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Masters by Research scholarship co-funded with the George Institute for Global Health
An estimated 640,000 young Australians experience multiple, co-occurring risk factors that result in avoidable social, health and economic harms (such as premature mortality). These risk factors include substance use disorders, psychological distress, poor education, incarceration, unemployment and involvement in petty crime. These high-risk young people are not spread randomly across populations, but are clustered within vulnerable sub-populations, primarily in remote (compared to urban and regional) communities, and among Aboriginal and Torres Strait Islander (compared to non-Indigenous) young people.
To date, responses to these harms in remote communities have typically been a combination of harm reduction strategies (e.g. implementation of low-aromatic fuel at petrol stations to curb the incidence of youth petrol sniffing, or increasing police presence in communities), and diversion activities such as sport. Although existing programs have achieved some positive outcomes, a current literature review by the CIs shows that there is a substantial disconnect between the implementation of programs and their evaluation using robust research methods. A total of 268 data-based studies (as opposed to opinion pieces or study protocols) were published in the international literature between 2009 and 2014, of which only 13 (5%) were evaluations of a program for young people experiencing multiple, co-occurring risk factors (as opposed to single risk factors, such as substance abuse only or suicide prevention only). Moreover, the methodological quality of seven of these 13 evaluations was rated as weak against standard criteria.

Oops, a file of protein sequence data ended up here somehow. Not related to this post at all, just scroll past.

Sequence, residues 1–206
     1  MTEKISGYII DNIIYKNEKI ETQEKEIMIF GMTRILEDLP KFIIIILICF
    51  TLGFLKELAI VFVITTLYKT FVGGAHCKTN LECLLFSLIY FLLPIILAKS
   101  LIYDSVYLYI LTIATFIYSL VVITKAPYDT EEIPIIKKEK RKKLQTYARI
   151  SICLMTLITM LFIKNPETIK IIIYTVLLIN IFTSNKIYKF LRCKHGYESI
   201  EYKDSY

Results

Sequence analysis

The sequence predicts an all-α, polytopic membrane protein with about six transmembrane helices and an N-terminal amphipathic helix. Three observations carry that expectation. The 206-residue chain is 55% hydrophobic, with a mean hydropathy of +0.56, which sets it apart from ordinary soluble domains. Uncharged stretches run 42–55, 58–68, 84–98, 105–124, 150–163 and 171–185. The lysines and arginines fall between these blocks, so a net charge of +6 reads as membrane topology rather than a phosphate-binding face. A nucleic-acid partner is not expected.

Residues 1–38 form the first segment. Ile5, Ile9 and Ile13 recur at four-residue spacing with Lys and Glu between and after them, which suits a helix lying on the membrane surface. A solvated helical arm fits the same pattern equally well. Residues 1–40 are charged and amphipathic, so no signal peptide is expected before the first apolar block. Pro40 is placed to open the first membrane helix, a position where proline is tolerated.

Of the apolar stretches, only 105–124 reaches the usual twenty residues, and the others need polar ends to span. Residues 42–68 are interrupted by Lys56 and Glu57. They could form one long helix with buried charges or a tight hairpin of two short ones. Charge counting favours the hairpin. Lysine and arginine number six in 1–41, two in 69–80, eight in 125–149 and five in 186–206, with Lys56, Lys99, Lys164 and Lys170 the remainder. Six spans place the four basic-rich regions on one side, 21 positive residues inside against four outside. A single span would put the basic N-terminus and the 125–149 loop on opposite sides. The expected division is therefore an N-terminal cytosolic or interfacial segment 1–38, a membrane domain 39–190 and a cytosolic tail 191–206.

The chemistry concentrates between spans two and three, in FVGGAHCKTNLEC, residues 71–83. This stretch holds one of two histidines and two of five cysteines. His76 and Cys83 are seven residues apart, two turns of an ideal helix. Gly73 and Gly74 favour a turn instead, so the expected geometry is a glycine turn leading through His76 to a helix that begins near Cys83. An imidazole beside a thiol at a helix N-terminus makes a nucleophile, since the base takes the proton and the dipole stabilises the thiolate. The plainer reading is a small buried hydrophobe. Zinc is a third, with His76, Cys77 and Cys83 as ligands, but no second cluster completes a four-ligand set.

The lack of good quality evidence for effective intervention programs for young people with multiple and complex needs in remote communities is most likely a consequence of the difficulty of developing and routinely implementing a multi-component intervention that is highly acceptable and accessible to this high-risk group. A key innovation of the research proposed in this application is to develop, implement and evaluate a transdisciplinary model of research that is integrated into routine service delivery (see project collaborators and participating services sections). Its primary rationale is that achieving the routine uptake of evidence-based services for high-risk young people in remote communities will require collaborative effort between these high-risk young people, service providers who directly engage with them, and researchers skilled in real-world evaluation using both qualitative and quantitative methods. By engaging with a range of relevant experts, this study would be the first international research project to apply a transdisciplinary approach to knowledge co-creation for young people with multiple and complex needs in remote communities. Given these problems are complex and multifaceted the transdisciplinary, co-creation approach is a promising and innovative opportunity to identify cost-effective interventions for high-risk young people with multiple and complex needs.
Skye Trudgett has spent the last 6 years working in medical research and social impact sectors. Skye graduated from ACAP with a Bachelor of Psychological Science, and prior to commencing her Masters by Research, she worked with the Maranguka Justice Reinvestment Project in Bourke and Ready Set Go in Port Stephens providing strategic planning and implementation, and program design, measurement, and evaluation.